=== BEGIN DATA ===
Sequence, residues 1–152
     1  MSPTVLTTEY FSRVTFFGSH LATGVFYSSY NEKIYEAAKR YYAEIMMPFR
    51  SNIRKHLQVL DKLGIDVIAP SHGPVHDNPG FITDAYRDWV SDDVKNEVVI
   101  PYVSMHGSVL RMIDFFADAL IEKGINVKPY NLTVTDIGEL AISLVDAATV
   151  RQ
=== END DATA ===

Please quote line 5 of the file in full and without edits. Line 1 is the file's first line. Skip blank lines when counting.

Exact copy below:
   151  RQ